It was a glorious afternoon in Reykjavik. The writers conference I was attending was over and finally I had a few hours to myself. I hit the streets and developed a spontaneous routine: walk without direction, get lost, take lots of pictures, breathe in the fresh air, recognize a landmark or two, find my bearings again. Repeat.
The sun broke through the clouds painting the grey sky with a layer of deep baby blue. I peeled off two layers of clothing, sat on a bench in a park and basked in the sunshine. I felt truly content. Could I live here? I asked myself as I snapped pictures of an intergalactic rainbow unicorn painted on a wall in the Old Town area. Maybe. Maybe not.
Later, I walked to Hallgrímskirkja, the largest church in Iceland. In a couple of weeks, the Hallgrimskirkja’s choir would perform J.S. Bach, Mass in b-minor. I wished I could stay just to hear the two massive organs reverberate inside this 270-feet structure. On my way out, I noticed the four archangels, Gabriel, Michael, Rafael and Uriel, inlaid on the inside of the door.
As I walked along Austurstraeti Street, a pedestrian party strip, I was thinking about the four archangels when I spotted D. T. He was a few yards in front of me, wearing electric blue jeans, a red tie and a fashionable black jacket. I squinted in the sun, put on my reading glasses, and looked closely. A group of four locals wearing D.T’s face cutouts, horse played in the street. The scene didn’t amuse me. After all, I was in Iceland, 2800 miles away from the Washington circus, and this distance made me feel entitled to forget about this global tragedy named D.T. for a day or two. Then a fifth man with a Putin’s face cutout joined in. Okay, so they were making fun of the two presidents. Fine. Time to relax and appreciate a display of local humor and political perspective. They pushed one another, they wrapped the red tie around its wearer’s neck, then they had a group hug. Donald the Clown, listen up, Iceland is making fun of you, I thought. I took my camera out and just when I was about to snap the first photo, a group of American tourists joined in the fun. The two women posed with the group while their male companion, who had stood in front of me completely blocking my view, snapped away.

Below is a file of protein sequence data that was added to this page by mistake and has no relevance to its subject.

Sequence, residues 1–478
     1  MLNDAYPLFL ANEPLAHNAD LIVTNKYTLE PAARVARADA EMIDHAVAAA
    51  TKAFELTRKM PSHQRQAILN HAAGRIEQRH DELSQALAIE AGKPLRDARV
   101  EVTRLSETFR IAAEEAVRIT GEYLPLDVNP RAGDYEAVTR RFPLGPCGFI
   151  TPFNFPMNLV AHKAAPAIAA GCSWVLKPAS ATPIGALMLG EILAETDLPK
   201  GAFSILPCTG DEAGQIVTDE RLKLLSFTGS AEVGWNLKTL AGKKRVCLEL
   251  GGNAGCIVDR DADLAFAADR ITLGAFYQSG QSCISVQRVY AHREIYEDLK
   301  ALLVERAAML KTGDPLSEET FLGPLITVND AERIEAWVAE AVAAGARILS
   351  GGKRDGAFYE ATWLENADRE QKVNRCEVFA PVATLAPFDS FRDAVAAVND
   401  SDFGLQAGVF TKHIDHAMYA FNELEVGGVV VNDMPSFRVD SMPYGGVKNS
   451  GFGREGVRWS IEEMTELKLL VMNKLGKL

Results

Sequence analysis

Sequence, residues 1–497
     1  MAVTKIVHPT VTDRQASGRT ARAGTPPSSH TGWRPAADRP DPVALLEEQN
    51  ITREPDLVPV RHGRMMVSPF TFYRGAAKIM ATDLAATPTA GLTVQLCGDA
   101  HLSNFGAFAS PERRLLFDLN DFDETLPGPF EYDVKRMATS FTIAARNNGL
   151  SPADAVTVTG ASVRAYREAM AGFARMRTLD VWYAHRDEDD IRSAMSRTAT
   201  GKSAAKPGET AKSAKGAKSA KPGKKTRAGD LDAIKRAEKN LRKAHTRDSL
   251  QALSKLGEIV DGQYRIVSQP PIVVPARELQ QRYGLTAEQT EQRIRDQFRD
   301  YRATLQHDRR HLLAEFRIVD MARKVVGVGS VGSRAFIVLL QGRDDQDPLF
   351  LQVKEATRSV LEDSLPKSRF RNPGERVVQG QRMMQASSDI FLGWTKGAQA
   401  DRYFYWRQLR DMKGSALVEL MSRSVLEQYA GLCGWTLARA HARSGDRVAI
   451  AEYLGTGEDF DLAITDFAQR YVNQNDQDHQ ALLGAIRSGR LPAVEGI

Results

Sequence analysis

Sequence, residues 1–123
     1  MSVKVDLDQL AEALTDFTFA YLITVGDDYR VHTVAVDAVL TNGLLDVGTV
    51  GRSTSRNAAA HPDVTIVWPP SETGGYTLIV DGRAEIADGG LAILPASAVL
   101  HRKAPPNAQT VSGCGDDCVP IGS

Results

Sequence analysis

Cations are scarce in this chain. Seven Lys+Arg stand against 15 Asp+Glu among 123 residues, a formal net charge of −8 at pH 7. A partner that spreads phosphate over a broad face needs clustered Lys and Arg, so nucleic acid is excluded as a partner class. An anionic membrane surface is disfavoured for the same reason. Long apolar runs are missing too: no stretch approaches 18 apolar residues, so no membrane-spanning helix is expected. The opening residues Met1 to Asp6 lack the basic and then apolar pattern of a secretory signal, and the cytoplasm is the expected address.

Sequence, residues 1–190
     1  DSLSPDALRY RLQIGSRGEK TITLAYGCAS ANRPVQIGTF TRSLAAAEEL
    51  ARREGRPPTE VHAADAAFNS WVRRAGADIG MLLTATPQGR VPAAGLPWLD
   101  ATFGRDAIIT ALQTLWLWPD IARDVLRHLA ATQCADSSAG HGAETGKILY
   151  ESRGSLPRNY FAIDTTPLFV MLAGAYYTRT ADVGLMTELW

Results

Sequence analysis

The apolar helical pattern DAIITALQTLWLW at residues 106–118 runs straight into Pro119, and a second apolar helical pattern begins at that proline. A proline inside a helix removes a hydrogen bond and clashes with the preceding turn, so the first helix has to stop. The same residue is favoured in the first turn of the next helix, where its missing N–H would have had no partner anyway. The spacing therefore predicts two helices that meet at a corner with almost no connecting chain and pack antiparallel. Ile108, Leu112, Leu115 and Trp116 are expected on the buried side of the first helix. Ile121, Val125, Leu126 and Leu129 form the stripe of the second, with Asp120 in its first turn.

I wanted to ask the local men what their real views of D.T were, but the American women started to chant: Build the Wall. Build the Wall. Build the Wall. Build the Damn Wall. Their photographer joined in the chant, and so did the four D.Ts and Putin. Were all of them drunk, high, or just cruel and stupid? The chant grew louder and the chanters got more creative. Make the Mexicans Pay. Make Mexico Pay. Make them Pay. I looked around and it dawned on me that I was, most likely, the only Hispanic in the vicinity, and although I’m not Mexican, their callous chant insulted me. Did they see me? And if so, did they think I was Mexican and were therefore spitting their venom at me? And what if they didn’t see me? What if they also thought that D.T. was a global tragedy and were simply letting out some steam by imitating the stupidity of his followers at a rally? What if I was being too sensitive?
It was ten pm and the sun was still up. A wave of exhaustion came over me as I walked towards my bed and breakfast on Fischersund street. I wished it was dark. I wished I could remember this moment and say: Oh, it was so dark, I’m not sure if I saw what I think I saw. But it wasn’t dark and I had seen and I had heard the idiots of Reykjavik with painful clarity. I walked mindfully, focusing with every step I took on the four archangels on the door to Hallgrímskirkja.